7. Depth and Breadth, Fairy Tale and Epic
In the end, when it comes to literary scholarship, it is difficult to compare Lewis’ fiction with Tolkien’s.
Tolkien did some translation and interpretation work that was foundational to his development, and told some stories that are not central to the Middle-earth legendarium. However, The Hobbit, The Lord of the Rings, and The Silmarillion are supplemented by about 5,000 pages of Middle-earth materials, creating what is a single library of a world, if not a single book.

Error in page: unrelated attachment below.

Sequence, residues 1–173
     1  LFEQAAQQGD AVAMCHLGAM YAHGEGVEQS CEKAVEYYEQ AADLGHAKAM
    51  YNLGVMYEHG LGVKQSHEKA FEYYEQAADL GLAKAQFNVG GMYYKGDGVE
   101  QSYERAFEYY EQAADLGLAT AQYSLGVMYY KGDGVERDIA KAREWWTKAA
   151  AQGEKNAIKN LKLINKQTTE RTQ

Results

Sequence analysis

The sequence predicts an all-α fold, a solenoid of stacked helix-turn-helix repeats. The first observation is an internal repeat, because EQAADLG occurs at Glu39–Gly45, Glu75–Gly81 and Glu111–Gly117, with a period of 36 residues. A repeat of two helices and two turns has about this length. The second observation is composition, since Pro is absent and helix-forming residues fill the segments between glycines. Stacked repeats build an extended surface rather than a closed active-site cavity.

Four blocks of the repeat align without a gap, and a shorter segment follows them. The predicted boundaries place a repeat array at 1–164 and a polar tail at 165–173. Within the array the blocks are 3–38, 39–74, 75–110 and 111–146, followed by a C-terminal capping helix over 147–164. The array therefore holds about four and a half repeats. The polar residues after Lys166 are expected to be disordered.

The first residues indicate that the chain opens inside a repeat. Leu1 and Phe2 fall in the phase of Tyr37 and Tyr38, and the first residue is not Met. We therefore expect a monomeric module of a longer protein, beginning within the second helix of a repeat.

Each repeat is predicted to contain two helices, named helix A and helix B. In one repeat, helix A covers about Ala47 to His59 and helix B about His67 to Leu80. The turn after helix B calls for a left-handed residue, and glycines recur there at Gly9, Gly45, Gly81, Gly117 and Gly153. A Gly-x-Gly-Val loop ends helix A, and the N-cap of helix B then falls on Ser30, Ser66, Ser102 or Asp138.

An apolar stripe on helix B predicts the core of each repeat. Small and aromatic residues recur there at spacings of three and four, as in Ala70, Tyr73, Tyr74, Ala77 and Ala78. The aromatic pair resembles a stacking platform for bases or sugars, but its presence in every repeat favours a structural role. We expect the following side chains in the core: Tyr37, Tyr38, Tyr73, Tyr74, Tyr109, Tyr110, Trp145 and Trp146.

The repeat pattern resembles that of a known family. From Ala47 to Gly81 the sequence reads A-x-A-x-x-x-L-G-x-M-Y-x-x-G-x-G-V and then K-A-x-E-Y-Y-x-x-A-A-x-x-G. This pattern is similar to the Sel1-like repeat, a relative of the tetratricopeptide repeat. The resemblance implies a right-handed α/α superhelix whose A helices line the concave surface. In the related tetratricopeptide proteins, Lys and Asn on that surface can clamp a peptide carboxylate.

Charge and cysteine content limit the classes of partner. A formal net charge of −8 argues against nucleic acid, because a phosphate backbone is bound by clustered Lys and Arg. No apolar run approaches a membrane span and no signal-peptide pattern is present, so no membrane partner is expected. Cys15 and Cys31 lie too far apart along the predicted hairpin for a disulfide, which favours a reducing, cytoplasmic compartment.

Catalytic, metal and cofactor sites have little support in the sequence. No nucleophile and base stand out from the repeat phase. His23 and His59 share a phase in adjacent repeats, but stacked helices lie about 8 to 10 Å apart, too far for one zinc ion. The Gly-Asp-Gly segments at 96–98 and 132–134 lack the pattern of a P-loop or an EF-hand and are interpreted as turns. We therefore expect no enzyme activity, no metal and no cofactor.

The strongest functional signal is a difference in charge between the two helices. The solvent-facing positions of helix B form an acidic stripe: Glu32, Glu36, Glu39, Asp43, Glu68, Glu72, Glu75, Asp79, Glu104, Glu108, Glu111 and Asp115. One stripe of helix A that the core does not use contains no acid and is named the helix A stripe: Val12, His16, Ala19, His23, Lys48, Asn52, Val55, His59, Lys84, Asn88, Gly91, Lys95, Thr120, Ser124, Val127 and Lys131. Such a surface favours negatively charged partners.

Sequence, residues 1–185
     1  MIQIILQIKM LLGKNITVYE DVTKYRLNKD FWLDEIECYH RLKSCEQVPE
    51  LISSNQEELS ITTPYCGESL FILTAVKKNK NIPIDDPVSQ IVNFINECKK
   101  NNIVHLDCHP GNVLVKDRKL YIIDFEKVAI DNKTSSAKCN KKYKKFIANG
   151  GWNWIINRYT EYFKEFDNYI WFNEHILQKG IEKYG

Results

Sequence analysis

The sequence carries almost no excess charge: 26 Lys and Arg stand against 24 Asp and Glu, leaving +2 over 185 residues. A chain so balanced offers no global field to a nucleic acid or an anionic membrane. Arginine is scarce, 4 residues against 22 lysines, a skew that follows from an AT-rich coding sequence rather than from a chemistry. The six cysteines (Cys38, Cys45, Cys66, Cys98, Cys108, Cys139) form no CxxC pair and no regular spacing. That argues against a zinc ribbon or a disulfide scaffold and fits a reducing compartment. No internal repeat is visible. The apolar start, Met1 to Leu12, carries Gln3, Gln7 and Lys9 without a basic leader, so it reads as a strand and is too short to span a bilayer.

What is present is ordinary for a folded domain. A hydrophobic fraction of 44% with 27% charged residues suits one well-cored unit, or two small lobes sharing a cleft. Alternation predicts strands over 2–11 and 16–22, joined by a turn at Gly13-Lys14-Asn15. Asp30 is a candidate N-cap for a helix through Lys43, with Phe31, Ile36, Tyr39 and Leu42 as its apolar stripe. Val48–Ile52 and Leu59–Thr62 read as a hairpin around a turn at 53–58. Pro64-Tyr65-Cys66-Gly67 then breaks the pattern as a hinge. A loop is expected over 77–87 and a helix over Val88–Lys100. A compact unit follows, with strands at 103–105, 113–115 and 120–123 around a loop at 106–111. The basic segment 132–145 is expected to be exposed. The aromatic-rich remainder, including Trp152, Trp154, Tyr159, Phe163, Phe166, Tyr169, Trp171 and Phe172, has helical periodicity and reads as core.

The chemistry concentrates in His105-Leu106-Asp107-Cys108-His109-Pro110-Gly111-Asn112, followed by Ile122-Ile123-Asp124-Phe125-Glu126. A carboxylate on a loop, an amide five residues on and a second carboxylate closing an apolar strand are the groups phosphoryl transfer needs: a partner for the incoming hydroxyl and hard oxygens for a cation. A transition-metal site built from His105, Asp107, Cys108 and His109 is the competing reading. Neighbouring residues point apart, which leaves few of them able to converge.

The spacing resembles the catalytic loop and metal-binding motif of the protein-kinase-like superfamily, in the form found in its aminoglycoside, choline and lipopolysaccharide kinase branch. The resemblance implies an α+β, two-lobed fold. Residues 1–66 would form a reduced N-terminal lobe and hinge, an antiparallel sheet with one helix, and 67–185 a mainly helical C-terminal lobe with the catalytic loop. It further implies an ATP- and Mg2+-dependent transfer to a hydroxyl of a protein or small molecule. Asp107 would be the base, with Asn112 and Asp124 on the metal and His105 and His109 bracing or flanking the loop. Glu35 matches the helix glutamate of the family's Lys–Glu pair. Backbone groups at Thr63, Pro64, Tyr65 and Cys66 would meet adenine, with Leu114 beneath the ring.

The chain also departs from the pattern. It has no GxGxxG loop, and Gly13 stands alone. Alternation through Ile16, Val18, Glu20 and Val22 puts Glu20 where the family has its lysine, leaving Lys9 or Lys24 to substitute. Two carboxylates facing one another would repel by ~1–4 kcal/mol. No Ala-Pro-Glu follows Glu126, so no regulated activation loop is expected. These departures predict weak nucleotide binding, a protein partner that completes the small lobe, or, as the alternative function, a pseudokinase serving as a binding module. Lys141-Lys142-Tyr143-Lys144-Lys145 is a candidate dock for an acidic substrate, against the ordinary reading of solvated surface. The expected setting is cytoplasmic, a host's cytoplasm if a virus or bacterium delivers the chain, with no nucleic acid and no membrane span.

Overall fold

Again, Lewis excels in diversity. Lewis wrote 7 children’s fantasy novels, a trio of SciFi books, two works of theological fiction (three if you count Letters to Malcolm), a conversion allegory, and his great work of literary fiction, Till We Have Faces: A Myth Retold. Within that pretty diverse fiction catalogue are pretty diverse genres. The aptly misnamed “Space Trilogy” contains a classic Wellsian space journey, a neo-Miltonian space opera, and a dystopian “fairy tale” for adults that anticipates Orwell in key ways. The theological fiction is quite diverse in form and voice, and the Narnian chronicles hardly fall into easy patterns, with a diversity of characters, adventures, and speculative constructs throughout. The literary voice of The Lion, the Witch and the Wardrobe is clearly different than the desert-tale, The Horse and His Boy, or the sea-journey, The Voyage of the Dawn Treader–and these are quite different again from the “Further Up and Further In” chapters that close The Last Battle.